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Name: Roshan Bharwaney
Year of Birth:
1981
Height
: 6’1”
Weight:
168 lbs
Birthplace:
Hong Kong
Current Residence:
Singapore
Sports:
Taekwondo 4th degree black belt (master)

Tell us a little about yourself, what you do for a living, what hobbies / interests / passions you have
I create, market, deliver, and evaluate leadership and organizational development programs and initiatives worldwide for WPP, a world leader in marketing communications. I've worked for WPP in 25 countries across all continents (except Antarctica) since 2005.

In my free time I train in, teach, and write about Taekwondo.  I began my Taekwondo journey while attending college and have maintained it since.  I supplement my Taekwondo practices with strength and endurance training.  I’ve taught Taekwondo at Duke and Columbia Universities.  I currently train with the Singapore National Taekwondo Squad.



Why did you become vegan?
I became vegan in 2008 for three reasons: 1) environmental impact of the animal agriculture industry, 2) animal cruelty, and 3) health.

When and why did you become interested in fitness?
Growing up, I wanted to be able to do what action movie stars could do.  After I began martial arts training at university, my motivation shifted.  I loved the challenge, training with others, and seeing improvements in my abilities.

How would you describe your nutrition program?

I make sure every meal has a good quantity of protein, carbs, fiber, and fats.  I usually have oatmeal for breakfast.  I add chia seeds, almonds, and soymilk.  If I have them on hand, I add black sesame seeds.  Like most Asians, I like my lunches hot.  I usually have South or East Asian food with rice or noodles.  The protein tends to be lentils, beans, soy, seitan, or chickpeas.  In the evenings I often have pasta with lentils, tofu, or mock meat.  I rotate the type of vegetable I use to accompany the pasta.  I snack on a wide variety of foods:  fruit, bread with peanut or almond butter, protein shakes, nuts, raw carrots, hummus, soymilk, vegetable and mock meat dumplings, and more.  I rarely eat processed sugary foods.


How would you describe your training program?
Taekwondo has three main divisions:  sparring, forms, and breaking.  These days I spend 90% of my time in sparring training and the other 10% for forms.  I usually train six times per week.  My Taekwondo training is usually two hours long.  In Taekwondo sparring you need many abilities:  endurance, explosiveness (the ability to step on the gas when you need it), flexibility, strength, agility, accuracy, decisiveness, coordination, balance, technical skills, and mental toughness.  You have to be a well-rounded athlete.  Some of my workouts burn more calories than what some consume in a day (1,200+).

What kind of supplements do you use if any, and why?
I take a daily multivitamin that contains B12.  I drink a protein shake most days (usually pea, since I eat soy quite often).  Once or twice a week I take a calcium pill.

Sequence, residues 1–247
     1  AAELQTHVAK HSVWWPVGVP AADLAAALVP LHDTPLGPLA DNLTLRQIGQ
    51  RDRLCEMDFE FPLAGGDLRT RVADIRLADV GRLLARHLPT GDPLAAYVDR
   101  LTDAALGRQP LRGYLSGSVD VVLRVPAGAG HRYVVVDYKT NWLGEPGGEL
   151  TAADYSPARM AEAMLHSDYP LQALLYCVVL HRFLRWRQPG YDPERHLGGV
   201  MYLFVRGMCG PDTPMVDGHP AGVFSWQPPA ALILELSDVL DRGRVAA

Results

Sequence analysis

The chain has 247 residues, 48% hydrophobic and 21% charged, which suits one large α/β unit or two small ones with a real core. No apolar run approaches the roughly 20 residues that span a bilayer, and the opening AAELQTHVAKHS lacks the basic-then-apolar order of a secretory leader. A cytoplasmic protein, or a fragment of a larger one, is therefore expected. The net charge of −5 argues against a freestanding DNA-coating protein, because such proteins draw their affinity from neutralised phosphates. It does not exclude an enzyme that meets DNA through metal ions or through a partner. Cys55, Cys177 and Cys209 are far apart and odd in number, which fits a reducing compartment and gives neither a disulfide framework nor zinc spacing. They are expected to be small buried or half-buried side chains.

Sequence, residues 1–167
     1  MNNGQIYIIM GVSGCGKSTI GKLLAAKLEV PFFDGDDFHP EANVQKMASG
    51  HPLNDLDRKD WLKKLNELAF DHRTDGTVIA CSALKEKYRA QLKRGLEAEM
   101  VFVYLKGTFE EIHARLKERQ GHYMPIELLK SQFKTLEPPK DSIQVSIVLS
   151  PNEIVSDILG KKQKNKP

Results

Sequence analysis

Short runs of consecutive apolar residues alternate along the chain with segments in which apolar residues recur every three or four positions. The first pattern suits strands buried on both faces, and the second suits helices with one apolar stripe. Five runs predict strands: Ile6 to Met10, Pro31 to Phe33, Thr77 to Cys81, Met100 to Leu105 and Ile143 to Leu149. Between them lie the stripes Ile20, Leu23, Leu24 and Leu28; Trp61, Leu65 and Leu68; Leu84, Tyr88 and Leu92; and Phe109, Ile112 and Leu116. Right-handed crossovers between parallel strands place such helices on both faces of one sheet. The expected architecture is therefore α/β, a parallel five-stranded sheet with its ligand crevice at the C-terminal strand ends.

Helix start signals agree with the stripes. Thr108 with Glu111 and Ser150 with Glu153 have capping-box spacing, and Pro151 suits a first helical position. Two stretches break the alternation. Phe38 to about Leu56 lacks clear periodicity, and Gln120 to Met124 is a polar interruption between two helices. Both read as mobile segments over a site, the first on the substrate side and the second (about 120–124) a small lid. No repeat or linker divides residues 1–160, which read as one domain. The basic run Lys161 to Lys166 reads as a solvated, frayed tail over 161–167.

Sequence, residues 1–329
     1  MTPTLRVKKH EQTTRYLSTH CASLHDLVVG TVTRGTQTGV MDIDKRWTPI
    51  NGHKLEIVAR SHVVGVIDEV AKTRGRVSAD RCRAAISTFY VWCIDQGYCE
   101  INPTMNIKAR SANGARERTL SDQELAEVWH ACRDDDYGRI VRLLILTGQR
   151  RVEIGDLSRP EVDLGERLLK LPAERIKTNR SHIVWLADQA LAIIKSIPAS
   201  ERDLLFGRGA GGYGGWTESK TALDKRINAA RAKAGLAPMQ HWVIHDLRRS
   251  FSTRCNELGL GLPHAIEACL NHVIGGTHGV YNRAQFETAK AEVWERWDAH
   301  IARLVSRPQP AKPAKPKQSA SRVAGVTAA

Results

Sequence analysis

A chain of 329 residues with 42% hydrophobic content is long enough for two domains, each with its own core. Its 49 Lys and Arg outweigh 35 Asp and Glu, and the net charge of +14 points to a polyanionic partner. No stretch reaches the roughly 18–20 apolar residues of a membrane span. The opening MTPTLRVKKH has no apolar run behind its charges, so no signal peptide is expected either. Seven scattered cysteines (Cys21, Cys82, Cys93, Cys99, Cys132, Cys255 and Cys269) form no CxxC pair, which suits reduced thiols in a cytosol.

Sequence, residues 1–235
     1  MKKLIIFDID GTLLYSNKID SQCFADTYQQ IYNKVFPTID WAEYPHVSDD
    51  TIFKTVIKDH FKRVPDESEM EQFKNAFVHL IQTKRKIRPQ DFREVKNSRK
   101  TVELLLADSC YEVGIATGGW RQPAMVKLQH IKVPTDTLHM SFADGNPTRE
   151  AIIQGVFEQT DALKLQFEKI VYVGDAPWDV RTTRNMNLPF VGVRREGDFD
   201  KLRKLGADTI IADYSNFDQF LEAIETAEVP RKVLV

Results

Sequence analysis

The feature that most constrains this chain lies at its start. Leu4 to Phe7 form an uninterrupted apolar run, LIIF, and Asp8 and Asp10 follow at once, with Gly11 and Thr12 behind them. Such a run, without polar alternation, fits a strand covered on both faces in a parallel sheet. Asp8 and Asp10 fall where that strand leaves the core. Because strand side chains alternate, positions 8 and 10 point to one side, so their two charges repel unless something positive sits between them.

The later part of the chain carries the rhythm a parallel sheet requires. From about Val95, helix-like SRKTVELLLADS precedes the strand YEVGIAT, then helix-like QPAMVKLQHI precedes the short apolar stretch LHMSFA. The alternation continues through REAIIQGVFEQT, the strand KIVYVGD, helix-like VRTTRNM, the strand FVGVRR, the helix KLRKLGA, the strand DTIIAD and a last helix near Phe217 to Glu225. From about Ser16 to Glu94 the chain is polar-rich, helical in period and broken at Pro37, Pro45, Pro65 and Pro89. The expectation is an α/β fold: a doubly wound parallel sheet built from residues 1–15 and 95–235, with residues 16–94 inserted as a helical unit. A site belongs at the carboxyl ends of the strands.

How do people react when they find out you are vegan?In Singapore there are very few vegans.  You can count the number on your fingers and toes.  I usually have to explain what veganism is.  It’s usually met with silence.  East Asians are usually non-confrontational, so they aren’t usually comfortable asking why I’m vegan.  In other countries it’s usually met with surprise.

What are some common misconceptions about veganism?
Some people think the only reason to go vegan is for the animals – they don’t realize the other impacts of a vegan lifestyle.  While animal exploitation is part of my motivation, my prime reason for being vegan is the impact on the environment.  Also, because of my Indian background, many people mistakenly assume my veganism is linked to Hindu beliefs and that I also avoid alcohol.  Another misconception I encounter is that vegans avoid gluten.

What do you think the most important aspect of training is?
Self-discipline



What do you like best about being vegan?
First, that I’m doing my part to help the environment, animals, and my health.  Second, I can look at animals in peace since I don’t contribute to harming them.  Third, after a huge meal I can get up, walk around, and feel fine.  Before I became vegan I’d often feel bloated and heavy after a big meal.

What do you like best about being fit?
You can extend the springtime of your youth for a very long time!

What advice do you have for people who are just starting out with training?
If you are completely new to martial arts, work on your endurance and flexibility for a few weeks to give you a good foundation.  You’ll be able to practice techniques with better form if you aren’t out of breath, which means you’ll develop proficiency in them more quickly.  Also, with better circulation and flexibility, you will be less likely to pull a muscle or have another kind of injury.

What advice do you have for people who are thinking of becoming vegan?
Some people can stop consuming animal products cold-turkey.  Some people phase things out gradually.  Both methods require discipline.  I chose the second method.  I cut things out gradually so that I could adjust my habits and incorporate alternatives over time.  First I cut out red meat, then seafood and poultry at about the same time, then dairy, and finally eggs.

What motivates you in life?
Wanting to make a difference.

What do you think of veganbodybuilding.com?  Has it helped or inspired you?
It’s changing the perception that vegans are physically weak.  It encourages vegans to be healthier so that they can be better advocates.